1 Stock to Buy If The Stock Market Crashes

The overall market managed to come back with a bang from the lows of March 2020. The stock market has recently hit record-breaking highs, while some stocks have shown a bit more volatility in the last six months. Skyscraping valuations are leading several investors to rein in their enthusiasm. Mixed economic signals and risk of contagion from the Evergrande fallout have investors wondering – is another full-on crash on the way?

If history is any indicator, a crash is almost a certainty. It’s a matter of when that’s debatable. Regardless, it is important to ensure you’re ready when it does.

There are many ways you can prepare your portfolio for a market fall, like having cash on hand to buy shares of companies that have a proven track record even in the most challenging of circumstances.

One of these types of companies – and the one stock to buy if the market crashes – is Amazon (AMZN).

Amazon – The Shopping Giant

Amazon (AMZN) is both innovative and a trend-setter. Now, that doesn’t mean that all the company’s ideas are brilliant – remember Fire Phone? 

Still, the Seattle-based company has grown from its humble beginnings as an online bookstore to the Goliath of online shopping.

The company survived the dot.com bubble and the collapse of 2008 – it’s now a legitimate rival to other industry behemoths, Apple (AAPL) and Microsoft (MSFT)

Amazon’s position as a digital service provider and its ability to adapt to ever-changing technology have solidified it as a guaranteed revenue-winner.

Such products as Amazon’s Alexa, Prime membership, and Amazon Web Services continue raking in the cash; the latter two products are subscriptions.

While the rest of the world was in lockdown mode, Amazon kept tight hold of the keys to the kingdom.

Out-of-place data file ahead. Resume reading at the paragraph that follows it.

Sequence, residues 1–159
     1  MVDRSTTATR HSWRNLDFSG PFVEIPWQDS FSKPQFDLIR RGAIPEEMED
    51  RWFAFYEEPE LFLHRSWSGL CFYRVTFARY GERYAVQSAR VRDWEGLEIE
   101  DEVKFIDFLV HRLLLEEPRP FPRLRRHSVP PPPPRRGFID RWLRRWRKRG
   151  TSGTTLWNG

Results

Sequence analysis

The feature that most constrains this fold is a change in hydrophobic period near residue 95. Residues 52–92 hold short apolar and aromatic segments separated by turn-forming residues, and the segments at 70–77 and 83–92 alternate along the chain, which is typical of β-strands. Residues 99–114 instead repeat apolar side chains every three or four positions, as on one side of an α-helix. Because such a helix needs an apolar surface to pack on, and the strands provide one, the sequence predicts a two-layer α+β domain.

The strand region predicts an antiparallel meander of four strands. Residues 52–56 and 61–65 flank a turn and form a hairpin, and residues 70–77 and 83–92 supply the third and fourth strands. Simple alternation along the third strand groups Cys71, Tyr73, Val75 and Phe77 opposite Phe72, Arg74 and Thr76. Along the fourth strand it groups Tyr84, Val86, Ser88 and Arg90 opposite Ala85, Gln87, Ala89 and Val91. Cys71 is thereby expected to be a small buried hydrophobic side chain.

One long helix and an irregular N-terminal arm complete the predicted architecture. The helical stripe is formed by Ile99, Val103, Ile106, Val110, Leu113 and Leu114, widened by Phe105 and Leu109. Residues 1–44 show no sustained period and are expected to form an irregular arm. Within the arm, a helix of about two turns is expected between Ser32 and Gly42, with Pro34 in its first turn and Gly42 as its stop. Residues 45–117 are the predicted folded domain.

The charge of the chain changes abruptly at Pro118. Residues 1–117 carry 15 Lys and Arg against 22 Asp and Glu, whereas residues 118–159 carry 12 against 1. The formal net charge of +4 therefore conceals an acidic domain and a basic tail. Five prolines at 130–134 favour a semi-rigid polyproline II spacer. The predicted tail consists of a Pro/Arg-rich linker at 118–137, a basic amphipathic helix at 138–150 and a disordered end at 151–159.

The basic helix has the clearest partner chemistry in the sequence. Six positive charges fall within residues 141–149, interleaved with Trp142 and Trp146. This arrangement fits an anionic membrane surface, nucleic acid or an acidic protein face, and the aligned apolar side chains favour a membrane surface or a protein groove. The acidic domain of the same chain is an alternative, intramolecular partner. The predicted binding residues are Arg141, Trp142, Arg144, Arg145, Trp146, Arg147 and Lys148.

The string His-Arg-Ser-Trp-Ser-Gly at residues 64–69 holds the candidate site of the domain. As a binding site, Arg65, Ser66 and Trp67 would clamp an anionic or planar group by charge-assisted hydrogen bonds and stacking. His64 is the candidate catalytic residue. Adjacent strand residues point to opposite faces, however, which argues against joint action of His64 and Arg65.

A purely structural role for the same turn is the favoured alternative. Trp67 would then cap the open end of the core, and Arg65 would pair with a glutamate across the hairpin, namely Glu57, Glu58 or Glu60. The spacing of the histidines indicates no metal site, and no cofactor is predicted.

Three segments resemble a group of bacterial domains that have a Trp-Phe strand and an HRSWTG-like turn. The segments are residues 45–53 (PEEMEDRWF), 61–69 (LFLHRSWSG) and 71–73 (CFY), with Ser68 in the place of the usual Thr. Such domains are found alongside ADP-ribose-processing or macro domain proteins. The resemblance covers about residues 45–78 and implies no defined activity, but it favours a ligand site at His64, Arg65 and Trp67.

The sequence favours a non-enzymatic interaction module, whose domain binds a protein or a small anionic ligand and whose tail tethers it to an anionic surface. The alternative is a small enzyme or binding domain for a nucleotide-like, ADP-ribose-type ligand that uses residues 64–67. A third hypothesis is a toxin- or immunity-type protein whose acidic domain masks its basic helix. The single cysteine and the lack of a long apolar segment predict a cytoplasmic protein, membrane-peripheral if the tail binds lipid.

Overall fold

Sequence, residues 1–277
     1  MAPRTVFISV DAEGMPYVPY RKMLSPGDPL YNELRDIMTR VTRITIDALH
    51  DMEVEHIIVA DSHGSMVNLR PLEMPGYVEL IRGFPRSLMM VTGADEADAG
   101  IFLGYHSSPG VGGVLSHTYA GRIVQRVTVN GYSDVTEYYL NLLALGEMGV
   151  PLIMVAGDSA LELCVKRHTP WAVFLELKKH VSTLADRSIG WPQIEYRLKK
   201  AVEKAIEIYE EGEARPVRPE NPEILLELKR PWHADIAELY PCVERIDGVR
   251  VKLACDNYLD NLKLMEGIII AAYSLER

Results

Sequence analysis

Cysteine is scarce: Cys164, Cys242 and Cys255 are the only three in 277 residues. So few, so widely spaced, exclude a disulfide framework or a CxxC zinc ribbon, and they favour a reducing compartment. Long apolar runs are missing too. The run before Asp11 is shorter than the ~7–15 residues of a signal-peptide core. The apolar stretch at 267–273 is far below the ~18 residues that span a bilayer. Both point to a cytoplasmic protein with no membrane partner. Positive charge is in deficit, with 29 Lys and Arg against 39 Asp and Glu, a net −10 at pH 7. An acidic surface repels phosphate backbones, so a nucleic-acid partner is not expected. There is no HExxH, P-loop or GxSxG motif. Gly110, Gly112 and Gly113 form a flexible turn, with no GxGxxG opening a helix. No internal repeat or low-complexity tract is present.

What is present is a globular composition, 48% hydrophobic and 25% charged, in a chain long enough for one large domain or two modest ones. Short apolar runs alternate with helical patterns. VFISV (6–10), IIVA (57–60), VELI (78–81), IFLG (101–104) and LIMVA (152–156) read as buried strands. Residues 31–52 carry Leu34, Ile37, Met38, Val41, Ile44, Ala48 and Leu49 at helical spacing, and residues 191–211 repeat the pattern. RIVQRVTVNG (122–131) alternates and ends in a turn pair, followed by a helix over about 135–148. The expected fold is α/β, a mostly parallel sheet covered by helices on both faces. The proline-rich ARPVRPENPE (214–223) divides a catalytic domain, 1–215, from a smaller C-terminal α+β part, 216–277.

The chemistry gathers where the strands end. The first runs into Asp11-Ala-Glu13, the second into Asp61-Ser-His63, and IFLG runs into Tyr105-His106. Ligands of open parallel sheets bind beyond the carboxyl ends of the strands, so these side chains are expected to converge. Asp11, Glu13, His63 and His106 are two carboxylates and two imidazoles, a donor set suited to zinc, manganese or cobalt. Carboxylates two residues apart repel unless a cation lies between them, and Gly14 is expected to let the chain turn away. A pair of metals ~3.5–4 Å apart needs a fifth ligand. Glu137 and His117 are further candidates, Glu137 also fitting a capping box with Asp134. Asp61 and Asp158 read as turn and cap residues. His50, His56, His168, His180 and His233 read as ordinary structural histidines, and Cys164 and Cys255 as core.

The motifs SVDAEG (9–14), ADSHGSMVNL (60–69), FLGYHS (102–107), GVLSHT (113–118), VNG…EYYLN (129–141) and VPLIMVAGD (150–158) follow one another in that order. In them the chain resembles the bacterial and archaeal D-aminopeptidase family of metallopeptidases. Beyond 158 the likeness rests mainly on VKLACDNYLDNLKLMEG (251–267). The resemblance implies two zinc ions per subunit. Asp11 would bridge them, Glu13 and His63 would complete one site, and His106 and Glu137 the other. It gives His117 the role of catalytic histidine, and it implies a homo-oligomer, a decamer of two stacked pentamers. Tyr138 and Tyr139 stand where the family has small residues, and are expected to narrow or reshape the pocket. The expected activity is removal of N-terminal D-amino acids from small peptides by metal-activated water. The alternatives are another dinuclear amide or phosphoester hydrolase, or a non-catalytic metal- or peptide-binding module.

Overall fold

Q2 earnings skyrocketed into the stratosphere, shattering expectations.

Revenue soared 40% higher, to $89 billion, with EPS was reported at over $10 per share, nearly doubling Q2 of 2020.

The 2020 crash didn’t cause Amazon’s knees to buckle – in fact, the company danced its way through 2021. Even though many Big Tech companies have faced antitrust proceedings, Amazon has three big factors up its sleeve which help it to hold its own – whether pandemic or market crash:

Its revenue stream is diverse, providing a sturdy foundation for weathering an economic storm.

Customer loyalty is high, and retention rates for services such as Prime show rates of 93% for those with the company for a year – 98% of those who’ve had Prime for two years or more stick around.

Other growth levers include: AWS, healthcare, and ads – to name a few.

What Market Crash?

When companies grow and stabilize, sales growth typically starts to even out. Either the market is saturated or competition gets stiffer. The big companies that remain stable normally become value stocks because market share plateaus to produce steady revenue streams.

Excess cash is then usually shared as dividends with stockholders, which keeps shares desirable for those of a certain investment class.

In spite of its enormous size, Amazon fits in no such box.

Amazon doesn’t just have market share, it holds a monopoly. Amazon reported some the best quarters of growth in several years recently, such as 44% YOY growth in Q1 and Q2 2021. Even as other online shopping companies benefited from more people being at home, Amazon rivaled or outpaced them.